Discord promises outraged users it won’t store call recordings—for now – Ars Technica

Discord promises outraged users it won’t store call recordings—for now

Before it was updated last month, Discord’s privacy policy specifically promised to alert users “in advance” if the company ever started storing contents of video calls, voice calls, or channels. That’s why some users became alarmed when the latest updates—which go into effect March 27—seemed to quietly drop this promise. One Discord user asked Ars to investigate, wondering, “Does Discord plan to retain call recordings?”

According to a Discord spokesperson, the answer is no.

“There has not been a change in Discord’s position on how we store or record the contents of video or voice channels,” a Discord spokesperson told Ars. “We recognize that when we recently issued adjusted language in our privacy policy, we inadvertently caused confusion among our users. To be clear, nothing has changed and we have reinserted the language back into our privacy policy, along with some additional clarifying information.”

Before users began complaining, the policy was going to be updated to say that Discord would be collecting information on “any content that you upload to the service. For example, you may write messages or posts (including drafts), send voice messages, create custom emojis, create short recordings of GoLive activity, or upload and share files through the services. This also includes your profile information and the information you provide when you create servers.”

As users raised concerns on Reddit, Discord staffers seemed to rush to assuage fears, saying, “We understand that the wording of the new privacy policy is broad and can be misunderstood” and promising, “We are going to fix this.”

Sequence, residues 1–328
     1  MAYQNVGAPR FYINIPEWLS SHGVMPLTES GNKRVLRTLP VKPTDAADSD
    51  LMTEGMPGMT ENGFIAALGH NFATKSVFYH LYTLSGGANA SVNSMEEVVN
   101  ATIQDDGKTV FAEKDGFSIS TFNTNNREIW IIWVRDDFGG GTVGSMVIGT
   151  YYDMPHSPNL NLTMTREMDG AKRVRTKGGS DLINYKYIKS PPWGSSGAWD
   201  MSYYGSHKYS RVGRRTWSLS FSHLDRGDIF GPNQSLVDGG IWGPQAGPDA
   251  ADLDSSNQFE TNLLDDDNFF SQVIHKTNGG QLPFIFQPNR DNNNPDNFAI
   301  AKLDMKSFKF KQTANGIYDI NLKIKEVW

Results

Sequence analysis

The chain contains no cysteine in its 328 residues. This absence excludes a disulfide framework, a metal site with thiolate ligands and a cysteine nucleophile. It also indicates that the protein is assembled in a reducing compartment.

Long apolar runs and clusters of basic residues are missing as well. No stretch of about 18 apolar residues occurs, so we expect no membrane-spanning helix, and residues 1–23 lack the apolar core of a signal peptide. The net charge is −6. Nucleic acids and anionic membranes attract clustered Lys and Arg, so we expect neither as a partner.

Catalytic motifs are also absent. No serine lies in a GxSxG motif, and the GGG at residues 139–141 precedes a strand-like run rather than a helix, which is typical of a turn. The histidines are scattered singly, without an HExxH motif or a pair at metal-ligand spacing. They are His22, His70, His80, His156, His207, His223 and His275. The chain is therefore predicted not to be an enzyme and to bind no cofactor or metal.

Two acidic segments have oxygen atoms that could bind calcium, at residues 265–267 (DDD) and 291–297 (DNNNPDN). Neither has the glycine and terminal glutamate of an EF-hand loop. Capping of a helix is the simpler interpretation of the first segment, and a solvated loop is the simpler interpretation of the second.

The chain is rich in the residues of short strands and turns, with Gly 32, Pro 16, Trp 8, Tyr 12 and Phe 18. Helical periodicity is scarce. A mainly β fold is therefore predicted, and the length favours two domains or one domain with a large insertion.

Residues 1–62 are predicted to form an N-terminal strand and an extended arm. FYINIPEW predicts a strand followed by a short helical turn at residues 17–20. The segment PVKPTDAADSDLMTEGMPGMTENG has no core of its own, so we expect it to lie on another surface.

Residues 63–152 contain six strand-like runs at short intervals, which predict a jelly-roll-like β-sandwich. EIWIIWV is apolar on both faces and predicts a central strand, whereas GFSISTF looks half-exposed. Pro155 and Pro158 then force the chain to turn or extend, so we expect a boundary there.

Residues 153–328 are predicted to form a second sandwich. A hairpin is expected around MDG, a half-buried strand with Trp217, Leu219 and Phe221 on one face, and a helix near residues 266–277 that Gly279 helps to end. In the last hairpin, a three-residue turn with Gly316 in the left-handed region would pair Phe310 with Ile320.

Since then, Discord added back in the missing language, word for word: “We generally do not store the contents of video or voice calls or channels. If we were to change that in the future (for example, to facilitate content moderation), we would disclose that to you in advance.” A Reddit user identifying as a Discord staffer told Redditors that Discord won’t “regularly” collect this type of content.

In the United States and the European Union, call recordings by anyone not participating in the call are illegal and generally require consent. It’s likely that Discord updated the privacy policy not just to appease users but also to cover its tracks legally, but that doesn’t mean it will never happen. In response to user outrage, the policy’s new updated language now also specifies that Discord may collect some of this type of content in the future.

“We may build features that help users engage with voice and video content, like create or send short recordings,” Discord’s new policy states.

Discord doesn’t have a perfect record when it comes to user privacy. Last year, Discord was fined 800,000 euro for privacy violations in the EU, including failing to close out voice rooms when Windows users clicked the “X” icon. Instead of exiting those users, the EU found that users unwittingly stayed logged in to voice rooms, which continued running in the background and could be transmitting private conversations that users did not know could be overheard.

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